Monday 20 May 2019

Old settlement revealed in Blessington reservoir

An aerial photographs of the reservoir in recent days.
An aerial photographs of the reservoir in recent days.
A horse plough that has become visible due to the reduced water level.
Remarkably, the bill for the horse plough still exists.
Aerial photograph of the reservoir in recent days.
The houses before 1940.

Deborah Coleman

Fascination has surrounded the discovery of an old farm homestead on the Blessington Lakes last Friday, which was detected by the Garda Air Support Unit while on patrol.

The shared farm, which was evacuated in 1940 when ESB flooded the valley to create the Poulaphouca Reservoir, has been submerged under water for almost 80 years and this year's drought has made it visible for the first time since then.

While many were keen to find out the history behind the homestead, former Blessington resident Philip (Billy) Brennan confirmed that the now visible island is situated across from Baltyboys Boat Club on the Valleymount to Blessington Road.

'This island reveals the farmyard and the rubble of the homes of the three Quinn families that had lived here, shared and farmed the land around it for at least five generations,' he explains.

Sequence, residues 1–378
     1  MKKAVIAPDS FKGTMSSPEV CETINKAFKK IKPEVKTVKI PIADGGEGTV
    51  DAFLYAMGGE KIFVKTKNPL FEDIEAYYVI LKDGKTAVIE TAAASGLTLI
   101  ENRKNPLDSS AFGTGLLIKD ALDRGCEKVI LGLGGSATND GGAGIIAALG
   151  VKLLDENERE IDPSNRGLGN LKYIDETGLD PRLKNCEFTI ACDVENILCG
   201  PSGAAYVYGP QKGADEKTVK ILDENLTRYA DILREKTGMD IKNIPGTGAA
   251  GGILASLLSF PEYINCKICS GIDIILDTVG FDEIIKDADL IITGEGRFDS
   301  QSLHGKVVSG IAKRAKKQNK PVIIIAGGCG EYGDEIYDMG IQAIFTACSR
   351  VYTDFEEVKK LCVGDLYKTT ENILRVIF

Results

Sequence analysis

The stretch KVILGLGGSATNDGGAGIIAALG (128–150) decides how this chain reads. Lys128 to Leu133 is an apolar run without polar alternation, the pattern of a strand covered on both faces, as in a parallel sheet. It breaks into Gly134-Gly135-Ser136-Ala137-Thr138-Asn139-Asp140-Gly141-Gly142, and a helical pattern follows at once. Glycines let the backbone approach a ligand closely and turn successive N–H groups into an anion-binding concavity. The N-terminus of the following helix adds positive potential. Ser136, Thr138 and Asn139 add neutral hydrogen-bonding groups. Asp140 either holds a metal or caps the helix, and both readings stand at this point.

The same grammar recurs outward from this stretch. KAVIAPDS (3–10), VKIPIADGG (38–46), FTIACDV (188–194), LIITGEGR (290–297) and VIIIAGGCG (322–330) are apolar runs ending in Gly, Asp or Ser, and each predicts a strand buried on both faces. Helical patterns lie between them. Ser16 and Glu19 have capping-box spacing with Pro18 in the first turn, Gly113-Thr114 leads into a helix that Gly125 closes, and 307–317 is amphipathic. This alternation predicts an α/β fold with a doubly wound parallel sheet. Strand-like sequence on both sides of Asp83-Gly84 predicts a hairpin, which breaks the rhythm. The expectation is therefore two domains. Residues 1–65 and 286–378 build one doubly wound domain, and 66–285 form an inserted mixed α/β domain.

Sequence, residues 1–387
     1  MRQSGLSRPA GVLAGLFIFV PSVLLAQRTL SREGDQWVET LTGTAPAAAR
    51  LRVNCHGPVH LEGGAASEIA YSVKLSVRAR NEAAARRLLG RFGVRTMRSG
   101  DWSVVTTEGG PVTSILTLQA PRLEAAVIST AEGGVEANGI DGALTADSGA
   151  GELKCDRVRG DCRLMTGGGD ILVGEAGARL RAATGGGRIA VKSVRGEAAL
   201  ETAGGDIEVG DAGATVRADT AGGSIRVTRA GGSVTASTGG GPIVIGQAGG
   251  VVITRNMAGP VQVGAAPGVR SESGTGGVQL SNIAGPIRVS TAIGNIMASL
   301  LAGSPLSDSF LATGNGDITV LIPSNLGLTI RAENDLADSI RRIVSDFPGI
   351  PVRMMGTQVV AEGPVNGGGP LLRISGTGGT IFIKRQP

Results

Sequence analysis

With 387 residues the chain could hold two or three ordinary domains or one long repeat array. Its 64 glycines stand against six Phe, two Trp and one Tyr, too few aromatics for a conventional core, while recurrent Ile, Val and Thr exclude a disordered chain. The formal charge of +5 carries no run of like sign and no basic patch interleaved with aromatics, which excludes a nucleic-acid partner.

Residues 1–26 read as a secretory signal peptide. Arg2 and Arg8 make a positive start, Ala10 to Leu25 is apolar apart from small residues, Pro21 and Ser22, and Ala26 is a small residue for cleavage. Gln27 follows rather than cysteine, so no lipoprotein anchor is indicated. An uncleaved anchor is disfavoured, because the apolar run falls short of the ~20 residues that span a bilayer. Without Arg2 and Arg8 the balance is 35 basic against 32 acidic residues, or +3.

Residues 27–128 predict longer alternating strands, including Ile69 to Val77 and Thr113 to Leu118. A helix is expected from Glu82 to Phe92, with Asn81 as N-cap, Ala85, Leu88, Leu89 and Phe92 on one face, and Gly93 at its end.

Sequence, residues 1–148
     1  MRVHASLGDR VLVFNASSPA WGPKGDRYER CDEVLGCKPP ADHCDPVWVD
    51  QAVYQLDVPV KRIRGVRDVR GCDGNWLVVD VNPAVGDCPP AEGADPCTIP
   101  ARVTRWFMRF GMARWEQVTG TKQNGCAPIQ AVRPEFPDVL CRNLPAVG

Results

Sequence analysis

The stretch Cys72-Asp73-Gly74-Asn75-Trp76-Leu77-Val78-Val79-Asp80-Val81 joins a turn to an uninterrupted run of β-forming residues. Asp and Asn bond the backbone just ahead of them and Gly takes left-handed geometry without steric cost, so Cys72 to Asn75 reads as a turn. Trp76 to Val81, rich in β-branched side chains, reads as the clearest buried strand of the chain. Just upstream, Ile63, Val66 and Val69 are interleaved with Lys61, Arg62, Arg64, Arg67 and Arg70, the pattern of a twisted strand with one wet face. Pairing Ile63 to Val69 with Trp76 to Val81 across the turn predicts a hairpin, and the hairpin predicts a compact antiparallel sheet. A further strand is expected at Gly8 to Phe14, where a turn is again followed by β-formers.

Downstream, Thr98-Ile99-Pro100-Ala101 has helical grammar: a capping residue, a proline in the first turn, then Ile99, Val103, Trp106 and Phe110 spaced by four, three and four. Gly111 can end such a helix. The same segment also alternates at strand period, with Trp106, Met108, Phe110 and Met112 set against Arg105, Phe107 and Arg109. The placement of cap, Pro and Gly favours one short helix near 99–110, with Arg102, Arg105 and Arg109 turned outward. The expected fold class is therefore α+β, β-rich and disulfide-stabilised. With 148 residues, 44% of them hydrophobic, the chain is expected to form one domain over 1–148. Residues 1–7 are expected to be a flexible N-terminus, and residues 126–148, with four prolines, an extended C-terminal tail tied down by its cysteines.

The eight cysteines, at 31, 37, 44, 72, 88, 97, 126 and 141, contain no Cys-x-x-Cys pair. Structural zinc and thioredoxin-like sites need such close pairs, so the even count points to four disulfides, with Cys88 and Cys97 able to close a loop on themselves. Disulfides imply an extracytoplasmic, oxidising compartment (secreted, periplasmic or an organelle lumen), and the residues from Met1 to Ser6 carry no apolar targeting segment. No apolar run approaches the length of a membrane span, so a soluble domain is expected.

Many years ago, Philip started to research the history of the Quinn families for the purposes of a website open to family members, as his wife Mary is a descendant of these people.

'When the ESB decided to create the reservoir, compensation of £1,300 was paid to two of the families, and £600 was paid the other. The single horse plough visible today was abandoned as it would have been impossible to transport and almost certainly they would have been interested in buying more horses once they moved to their new farms,' Philip said.

He explained that his wife's people were relocated near Ballymore Eustace while the other two families went to Donadea, Co. Kildare, and to Valleymount.

Philip also is aware of the history of the plough which was abandoned and even has the original receipt dating back to 1919 when John Quinn purchased it from James J Dowling.

'John Quinn was the smaller of the three outfits and as such he was only allowed to have one horse and graze no more than four cattle on the common pasture land.

The other two were allowed to have two horses and could graze eight cattle at a time and so on and on the restrictions were applied. To avoid the hassle of borrowing horses John sought and found a one horse plough and also this amazing one-horse mowing machine. It was manufactured by Pierce of Wexford fame and he purchased it through Blessington businessman James J Dowling, on August 21, 1919, for as the bill shows, the stately sum of £24-0-0. At least he got 20 years use out of it before it had to be abandoned, as there was no room for it on the cart load of chattels, they brought with them to their new home in Donadea, Co. Kildare,' said Philip.

He said that the long line of rubble on today's island were the homes of Long John and Joe Quinn's and at right angle to them the home of John The Baker Quinn.

'I was really surprised to see them revealed after 80 years covered by the placid waters of Blessington Lake. They will soone be gone again once the waters rise but it is great to see such interest in it.'

Wicklow People